Rudbeckia–commonly called black-eyed Susan or gloriosa daisy–produces golden daisy-like, brown-centered blooms from late summer to fall. Black-eyed Susans are tough and easy to grow.
The Rudbeckia genus is made up of about 20 annuals, biennials, and perennials. Garden Rudbeckias are descendants of North American wildflowers.
Rudbeckias thrive in all but soggy soils. They are drought-tolerant once established.
Rudbeckia is probably the brightest bloomer in the late summer and fall garden. They are well suited for perennial borders. Faded flower heads can remain for winter interest in the garden.
Get to know Rudbeckia
- Plant type: Perennial, some grown as annuals
- Growing Zones and range: Zones 3 to 10
- Hardiness: Hardy to -35°F (-37°C); hardy
- in both cold and hot weather
- Height and width: 8 inches (20cm) to 4 feet (1.2m) tall; 2 to 4 feet wide, depending on the variety
- Foliage: Prominently veined, toothed toward the end
- Flowers: Golden daisy-like ray flowers around a dark brown central disc; petals of some cultivars are orange, pale yellow, bronze, or just, sometimes bicolored; flowers can be up to 6 inches (15cm) wide
- Flower colors: Yellow, orange, gold, mahogany, red, and bicolors, sometimes bicolored
- Bloom time: Summer into fall; flowers continue through autumn in Zones 9-11
- Uses: Mixed border, cottage garden, cut flowers
- Garden companions: ornamental grasses, sedums, blazing star, Joe-pye weed, asters
- Common name: Black-eyed Susan, coneflower
- Botanical name: Rudbeckia spp.
- Family: Asteraceae
- Origin: North America
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Where to plant Rudbeckia
- Plant Rudbeckia in full sun.
- Rudbeckia grows best in humus-rich to average soil. It will tolerate clay soil.
- Rudbeckia prefers a soil pH of 6 to 7.
Rudbeckia uses and companions
- Grow Rudbeckia in a border, massed for effect.
- Neutralize Rudbeckia in a meadow or woodland garden.
- Most cultivars of Rudbeckia hirta are grown as annuals and are used as bedding or in borders.
- Flowers last well when cut, and cutting promotes continued bloom.
- Good garden companions for Rudbeckia include Achillea, Artemisia, Echinacea purpurea, Echinops, Helenium, Gaillardia grandiflora, Nepeta, Salvia, Sisyrinchium striatum, and ornamental grasses.
When to plant black-eyed Susan
- Set perennial Rudbeckia in the garden in spring or fall after hardening them off. Set plants outdoors when temperatures average 65°F (18°C) or greater.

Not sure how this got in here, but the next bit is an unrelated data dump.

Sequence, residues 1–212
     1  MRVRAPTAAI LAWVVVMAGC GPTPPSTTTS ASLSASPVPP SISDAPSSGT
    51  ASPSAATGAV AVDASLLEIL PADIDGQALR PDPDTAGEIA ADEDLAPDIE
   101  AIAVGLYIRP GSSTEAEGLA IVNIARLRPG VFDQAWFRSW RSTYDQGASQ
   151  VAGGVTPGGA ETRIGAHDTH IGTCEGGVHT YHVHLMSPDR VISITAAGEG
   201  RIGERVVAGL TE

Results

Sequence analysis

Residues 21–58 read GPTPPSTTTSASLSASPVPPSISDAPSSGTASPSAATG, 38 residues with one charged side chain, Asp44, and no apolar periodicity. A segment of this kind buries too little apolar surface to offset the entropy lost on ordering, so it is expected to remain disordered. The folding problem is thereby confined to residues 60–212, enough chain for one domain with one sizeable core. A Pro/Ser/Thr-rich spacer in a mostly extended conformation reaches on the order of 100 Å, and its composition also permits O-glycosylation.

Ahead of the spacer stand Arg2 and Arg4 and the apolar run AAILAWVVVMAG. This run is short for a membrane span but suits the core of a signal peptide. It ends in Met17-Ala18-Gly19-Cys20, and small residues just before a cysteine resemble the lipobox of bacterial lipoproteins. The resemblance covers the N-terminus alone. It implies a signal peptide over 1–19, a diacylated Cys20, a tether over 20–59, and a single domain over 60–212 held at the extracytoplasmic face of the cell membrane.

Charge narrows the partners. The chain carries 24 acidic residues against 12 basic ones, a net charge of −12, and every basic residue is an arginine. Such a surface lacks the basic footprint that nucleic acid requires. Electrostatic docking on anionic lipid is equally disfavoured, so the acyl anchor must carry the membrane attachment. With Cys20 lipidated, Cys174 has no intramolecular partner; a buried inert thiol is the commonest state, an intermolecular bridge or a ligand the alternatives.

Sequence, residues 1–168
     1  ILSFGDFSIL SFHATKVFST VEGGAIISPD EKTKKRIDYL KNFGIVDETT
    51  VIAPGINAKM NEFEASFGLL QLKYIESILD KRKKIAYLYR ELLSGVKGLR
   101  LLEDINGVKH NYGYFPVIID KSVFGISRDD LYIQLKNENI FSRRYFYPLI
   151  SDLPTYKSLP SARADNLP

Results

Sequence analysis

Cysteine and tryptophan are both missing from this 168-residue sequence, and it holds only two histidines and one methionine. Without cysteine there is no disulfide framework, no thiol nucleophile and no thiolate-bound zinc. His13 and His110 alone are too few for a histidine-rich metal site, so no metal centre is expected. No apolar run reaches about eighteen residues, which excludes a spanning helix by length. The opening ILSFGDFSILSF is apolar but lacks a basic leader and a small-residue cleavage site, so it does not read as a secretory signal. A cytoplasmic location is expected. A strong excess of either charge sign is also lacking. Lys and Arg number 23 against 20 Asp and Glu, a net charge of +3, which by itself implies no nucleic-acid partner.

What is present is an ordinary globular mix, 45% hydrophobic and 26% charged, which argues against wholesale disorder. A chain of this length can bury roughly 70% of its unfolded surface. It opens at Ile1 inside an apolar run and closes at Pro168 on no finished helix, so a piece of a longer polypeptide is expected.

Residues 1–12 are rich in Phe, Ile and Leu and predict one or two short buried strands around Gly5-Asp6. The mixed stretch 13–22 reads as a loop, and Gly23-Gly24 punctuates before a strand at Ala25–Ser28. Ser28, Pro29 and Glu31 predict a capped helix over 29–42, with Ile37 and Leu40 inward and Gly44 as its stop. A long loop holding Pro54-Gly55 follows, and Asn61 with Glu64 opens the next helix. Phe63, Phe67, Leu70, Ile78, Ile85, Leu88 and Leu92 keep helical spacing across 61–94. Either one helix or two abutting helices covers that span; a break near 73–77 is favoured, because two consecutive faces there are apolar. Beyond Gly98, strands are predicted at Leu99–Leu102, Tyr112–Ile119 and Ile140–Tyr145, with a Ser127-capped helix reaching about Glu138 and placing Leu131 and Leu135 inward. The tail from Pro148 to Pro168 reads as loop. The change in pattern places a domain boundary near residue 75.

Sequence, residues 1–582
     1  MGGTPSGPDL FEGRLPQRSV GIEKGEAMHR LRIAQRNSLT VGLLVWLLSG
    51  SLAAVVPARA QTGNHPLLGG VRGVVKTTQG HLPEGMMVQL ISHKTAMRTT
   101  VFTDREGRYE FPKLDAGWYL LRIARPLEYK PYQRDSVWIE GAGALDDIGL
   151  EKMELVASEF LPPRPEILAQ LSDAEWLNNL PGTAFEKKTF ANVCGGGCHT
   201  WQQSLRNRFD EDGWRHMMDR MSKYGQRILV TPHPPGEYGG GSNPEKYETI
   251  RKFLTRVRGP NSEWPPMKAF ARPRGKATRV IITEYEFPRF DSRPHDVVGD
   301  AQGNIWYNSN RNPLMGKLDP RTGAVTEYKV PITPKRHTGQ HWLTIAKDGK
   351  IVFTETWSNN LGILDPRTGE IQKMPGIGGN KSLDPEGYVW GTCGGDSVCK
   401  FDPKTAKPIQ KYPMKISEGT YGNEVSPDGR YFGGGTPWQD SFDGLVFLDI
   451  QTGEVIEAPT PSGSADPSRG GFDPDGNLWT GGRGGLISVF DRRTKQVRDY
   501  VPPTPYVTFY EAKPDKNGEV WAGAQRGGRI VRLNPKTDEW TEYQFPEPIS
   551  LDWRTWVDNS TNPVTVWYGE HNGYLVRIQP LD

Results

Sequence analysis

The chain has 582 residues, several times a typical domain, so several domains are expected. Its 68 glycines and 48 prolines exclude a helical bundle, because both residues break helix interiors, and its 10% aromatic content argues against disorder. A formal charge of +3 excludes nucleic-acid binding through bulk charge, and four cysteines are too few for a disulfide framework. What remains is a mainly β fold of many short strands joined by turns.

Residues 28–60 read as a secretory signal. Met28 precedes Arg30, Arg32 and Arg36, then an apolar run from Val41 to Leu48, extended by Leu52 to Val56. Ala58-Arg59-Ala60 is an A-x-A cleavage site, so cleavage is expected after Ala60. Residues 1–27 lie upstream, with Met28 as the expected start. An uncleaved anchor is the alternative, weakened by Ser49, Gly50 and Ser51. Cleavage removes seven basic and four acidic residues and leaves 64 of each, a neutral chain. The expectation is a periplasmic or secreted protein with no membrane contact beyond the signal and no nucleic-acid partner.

- Start seed indoors 3 to 4 weeks before the last frost in spring. Plants grown from seeds planted in early spring will bloom the same year. Late-started plants will bloom next year.
- Start seed outdoors in evenly prepared soil after the last spring frost or sow seed outdoors in fall in Zones 9 and 10.
Planting and spacing Rudbeckia
- Indoors, sow seed in six-packs or flats filled with moist, sterile seed starting medium. Sow seed at 70°F (21°C). Do not cover the seeds, just pat them into the soil.
- Germination takes about 14 days under bright light.
- Thin seedlings when they are 3 inches (7.5cm) tall or more; pot up seedlings to individual pots.
- Space Rudbeckia 2 feet apart.
How to water and feed Rudbeckia
- Rudbeckia grows best with abundant moisture; keep the soil evenly moist. Established Rudbeckia will tolerate drought.
- Fertilize Rudbeckia lightly at planting time and in midsummer.
- Mulch around Rudbeckia to conserve soil moisture.
- Rudbeckia does not require fertilizer.
- Stake tall plants to keep them from flopping.
- Trim spent blooms to promote longer flowering.
- Rudbeckia is susceptible to powdery mildew.
Rudbeckia pests and diseases
- Sawflies and aphids may attack Rudbeckia. Treat with insecticidal soap.
- Downy mildew may be prevented by good air circulation.
- Propagate Rudbeckia by seed or division.
- Seeds germinate in 14 days sown outdoors after the last frost.
- Seeds germinate in 5 to 7 days at 68° to 72°F (22°C).
- Divide large clumps when new leaves grow in early spring. Separate every other plant. Replant divisions immediately. Spring divide plants should bloom the same year.
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Rudbeckia varieties to grow
- Rudbeckia fulgida: Perennial black-eyed Susan has an orange coneflower. ‘Goldstrum’ is a cultivar that is hardy in Zones 3-9; and grows to 24 inches (61cm) with flowers to 5 inches (12.7cm) wide.
- R. hirta, Gloriosa daisy: Short-lived perennial usually grown as an annual; grows 18 to 24 inches (45-61cm) tall; broad daisy-like flowers in yellow to orange and can be bicolored or striped; several cultivars; easy to grow from seed.